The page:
From the United States, Jeremy Scahill composed a very compelling essay published in one of that country's most progressive publications while here in Nairobi his compatriot Andrew Franklin, an ex-Marine who is now a financial consultant in the Kenyan capital did an opinion piece for the Business Daily.

From the viewpoint of a Somali national, I think that Prof. Abdi Ismail Samatar's analysis and proactive proposals are among the most far reaching.

Internationally respected and renowned scholar-activist, the Jamaican-born Pan Africanist revolutionary Dr. Horace Campbell recently contexutalized Kenya's foray into Somalia as part of a wider imperialist project bent on the recolonization of Africa.

This is a view echoed by Ali Dirshe, the President of the Somali Canadian Diaspora Alliance.

I recently finished reading Afyare Abdi Elmi's book Understanding the Somalia Conflagration: Identity, Political Islam and Peacebuilding.


I consider it essential reading for ANYONE who wishes to understand in depth what is going within the depths of that complex conflicted Horn of Africa nation. I recommend to all Kenyans- especially those who are quick to wrap themselves in the Kenyan national flag and trumpet their jingoism through earnest ring tones on their cell phones based on the tune of the country's national anthem. Of particular interest should be Chapter 6: "The Role of Regional Countries and Organizations in the Somali Conflict"; Chapter 2:" Understanding the Sources of Somali Conflict"; Chapter 5:" Understanding the US Policy toward Somalia" and Chapter 4:" Making Sense of Islam and Islamic Awakening in Somalia".

The Kenya government continues to make unforced errors in relation to Somalia. Let me list a few of those mistakes:

1. It is morally, politically and militarily wrong for Kenya to invade Somalia- a neighbouring African state.
2. It is reprehensible for the Kenyan government to LIE so brazenly to its own citizens about its real reasons for invading Somalia.
3. It is against the Kenyan constitution for the Kenyan government through its security forces to violate the human rights of its citizens and those of a neighbouring country, especially defenceless civilians under the veneer and using the canard of allegedly defending itself from Al Shabaab.
4. It is dangerous for Kenya to retreat from its laudable foreign policy based on respect and peacebuilding to embrace this reckless quixotic misadventure.
5. It is unwise for the Kenyan government to allow itself to be a pawn, a puppet and a tool for US led imperialist aggression in Africa.
6. It is foolhardy for top Kenyan leaders-including Prime Minister Raila Odinga and President Mwai Kibaki to go globetrotting, especially to Israel which alienates so many peaceloving people, and especially Muslims to seek military, intelligence, financial and other support to ratchet up its conflict against real or perceived enemies in Somalia and within the country.


What some may ask, should the Kenya government do?

Well I have a few suggestions:

(a) Immediately withdraw all Kenyan troops from the territory of Somalia;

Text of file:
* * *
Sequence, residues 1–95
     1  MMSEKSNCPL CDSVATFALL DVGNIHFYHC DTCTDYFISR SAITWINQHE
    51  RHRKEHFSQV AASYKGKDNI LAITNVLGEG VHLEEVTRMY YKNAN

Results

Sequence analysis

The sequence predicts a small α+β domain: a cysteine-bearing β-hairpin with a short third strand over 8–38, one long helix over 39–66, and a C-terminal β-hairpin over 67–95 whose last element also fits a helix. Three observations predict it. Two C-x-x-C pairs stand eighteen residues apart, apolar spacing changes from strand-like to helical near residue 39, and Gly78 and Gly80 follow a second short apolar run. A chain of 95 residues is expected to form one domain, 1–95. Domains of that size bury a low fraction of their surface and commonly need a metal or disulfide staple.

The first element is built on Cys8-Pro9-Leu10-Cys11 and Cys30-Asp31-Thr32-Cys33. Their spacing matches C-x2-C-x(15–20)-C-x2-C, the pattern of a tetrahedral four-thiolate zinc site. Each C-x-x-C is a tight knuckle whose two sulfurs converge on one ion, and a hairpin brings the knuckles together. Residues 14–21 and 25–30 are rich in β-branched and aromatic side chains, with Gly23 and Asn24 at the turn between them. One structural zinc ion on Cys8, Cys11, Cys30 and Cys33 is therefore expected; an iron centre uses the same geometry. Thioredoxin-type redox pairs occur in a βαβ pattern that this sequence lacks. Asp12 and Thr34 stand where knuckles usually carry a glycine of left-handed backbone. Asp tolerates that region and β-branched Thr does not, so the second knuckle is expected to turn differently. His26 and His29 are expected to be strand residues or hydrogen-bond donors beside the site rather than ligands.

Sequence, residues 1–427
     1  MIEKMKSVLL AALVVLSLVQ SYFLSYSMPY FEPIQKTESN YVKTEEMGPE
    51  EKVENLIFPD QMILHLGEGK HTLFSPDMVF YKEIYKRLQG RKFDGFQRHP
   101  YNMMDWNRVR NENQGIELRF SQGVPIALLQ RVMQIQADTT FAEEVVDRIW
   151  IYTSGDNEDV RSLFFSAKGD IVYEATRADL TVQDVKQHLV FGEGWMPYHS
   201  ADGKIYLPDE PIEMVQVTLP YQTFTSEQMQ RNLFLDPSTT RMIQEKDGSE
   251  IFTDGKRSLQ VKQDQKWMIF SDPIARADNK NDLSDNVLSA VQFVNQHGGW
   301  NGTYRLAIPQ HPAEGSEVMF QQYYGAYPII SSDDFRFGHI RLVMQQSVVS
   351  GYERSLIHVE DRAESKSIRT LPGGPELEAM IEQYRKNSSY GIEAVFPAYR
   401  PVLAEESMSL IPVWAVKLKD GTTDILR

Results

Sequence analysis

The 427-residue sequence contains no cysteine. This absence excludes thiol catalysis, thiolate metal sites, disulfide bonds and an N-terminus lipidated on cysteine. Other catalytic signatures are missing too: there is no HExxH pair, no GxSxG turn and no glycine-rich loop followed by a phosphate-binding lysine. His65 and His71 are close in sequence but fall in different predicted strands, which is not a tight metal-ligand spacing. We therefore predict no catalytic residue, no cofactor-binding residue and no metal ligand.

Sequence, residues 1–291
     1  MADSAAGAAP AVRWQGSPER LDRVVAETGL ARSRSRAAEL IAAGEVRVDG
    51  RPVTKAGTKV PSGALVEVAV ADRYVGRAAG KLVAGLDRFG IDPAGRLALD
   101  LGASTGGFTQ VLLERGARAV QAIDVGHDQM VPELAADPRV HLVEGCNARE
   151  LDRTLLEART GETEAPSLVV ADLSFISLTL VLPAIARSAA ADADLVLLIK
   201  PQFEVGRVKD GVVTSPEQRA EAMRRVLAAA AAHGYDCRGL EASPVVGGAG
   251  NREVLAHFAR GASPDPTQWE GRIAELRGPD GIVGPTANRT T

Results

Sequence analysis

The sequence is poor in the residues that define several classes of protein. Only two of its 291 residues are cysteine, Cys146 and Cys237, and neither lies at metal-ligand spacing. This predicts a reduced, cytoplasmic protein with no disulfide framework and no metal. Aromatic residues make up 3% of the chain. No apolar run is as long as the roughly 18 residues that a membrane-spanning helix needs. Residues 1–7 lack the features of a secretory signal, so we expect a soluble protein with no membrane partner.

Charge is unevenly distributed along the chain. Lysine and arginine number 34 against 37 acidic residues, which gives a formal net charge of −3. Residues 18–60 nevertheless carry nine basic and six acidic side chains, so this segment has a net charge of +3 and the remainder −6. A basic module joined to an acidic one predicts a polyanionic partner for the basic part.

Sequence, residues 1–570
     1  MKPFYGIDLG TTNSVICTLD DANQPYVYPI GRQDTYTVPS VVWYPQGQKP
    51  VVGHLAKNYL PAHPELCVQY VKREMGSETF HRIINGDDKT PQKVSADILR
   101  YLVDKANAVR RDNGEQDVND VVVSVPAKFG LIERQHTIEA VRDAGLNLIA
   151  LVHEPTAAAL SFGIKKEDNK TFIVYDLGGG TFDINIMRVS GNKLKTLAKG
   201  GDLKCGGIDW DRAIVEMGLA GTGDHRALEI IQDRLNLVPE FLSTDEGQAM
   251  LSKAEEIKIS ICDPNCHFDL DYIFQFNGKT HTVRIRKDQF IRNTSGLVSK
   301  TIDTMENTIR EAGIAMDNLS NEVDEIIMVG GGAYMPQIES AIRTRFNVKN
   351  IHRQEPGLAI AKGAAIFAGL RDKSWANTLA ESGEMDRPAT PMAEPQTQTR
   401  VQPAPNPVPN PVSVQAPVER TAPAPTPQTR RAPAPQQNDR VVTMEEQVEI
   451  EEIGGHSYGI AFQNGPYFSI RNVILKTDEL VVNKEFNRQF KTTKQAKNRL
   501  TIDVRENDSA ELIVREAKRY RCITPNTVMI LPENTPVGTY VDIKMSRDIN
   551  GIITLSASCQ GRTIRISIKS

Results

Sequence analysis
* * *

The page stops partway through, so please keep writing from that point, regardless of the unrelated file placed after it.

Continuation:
(b) Seek peaceful solutions to the Somali conflagration by acknowleding that it is the Somali people-within and outside the country-especially the civic formations who must take the lead in ending the conflict in that Horn of Africa nation and state;
(c) Delink itself totally from the machinations of the US through Africom;
(d) Recognize the authority and the legitimacy of the African Union in leading regional, continental and international efforts in restoring peace and national harmony in Somalia;
(e) Giving up the outlandish fantasy of annexing parts of Somalia and creating buffer zones like the proposed "Republic of Jubaland";
(f) Deepening thorough socio-economic reforms in Kenya, especially by tackling the endemic youth unemployment which is by far the biggest attractor of past, present and future Kenyan born Al Shabaab militia militants;
(g) Encouraging the flourishing of a free and independent Kenyan media, that instead of joyfully donning military elements, flak jackets and bullet proof vests, will instead carry out thorough research, hold the military propagandists to account, speak truth to the chest thumping political mandarins and inform the Kenyan citizenry with facts rather than DOD press releases;
(i) Investigate and prosecute all cases and instances of human rights abuses carried out by the Kenyan police, paramilitary, armed forces and of course Al Shabaab and their supporters whether these violations have occurred on Kenyan territory or within the boundaries of Somalia.


I could go on and on for about fourteen other pages, but I guess I will stop here for today.

Onyango Oloo
Nairobi, Kenya

3 comments:

Ghafla!Guy said...

Great post. Kenya can still correct its mistakes and get back to the right path.

Anonymous said...

This is for all those people in darkness. Great article. Our govt is wasting money in the Somali war wile our mothers continue to suffer due to economical crisis instead of using the money to feed the hungry. USA was there and the Al shabaab defeated them. Who are we then to defeat them?

Anonymous said...

Suggestion (d) ?!!! C'mon!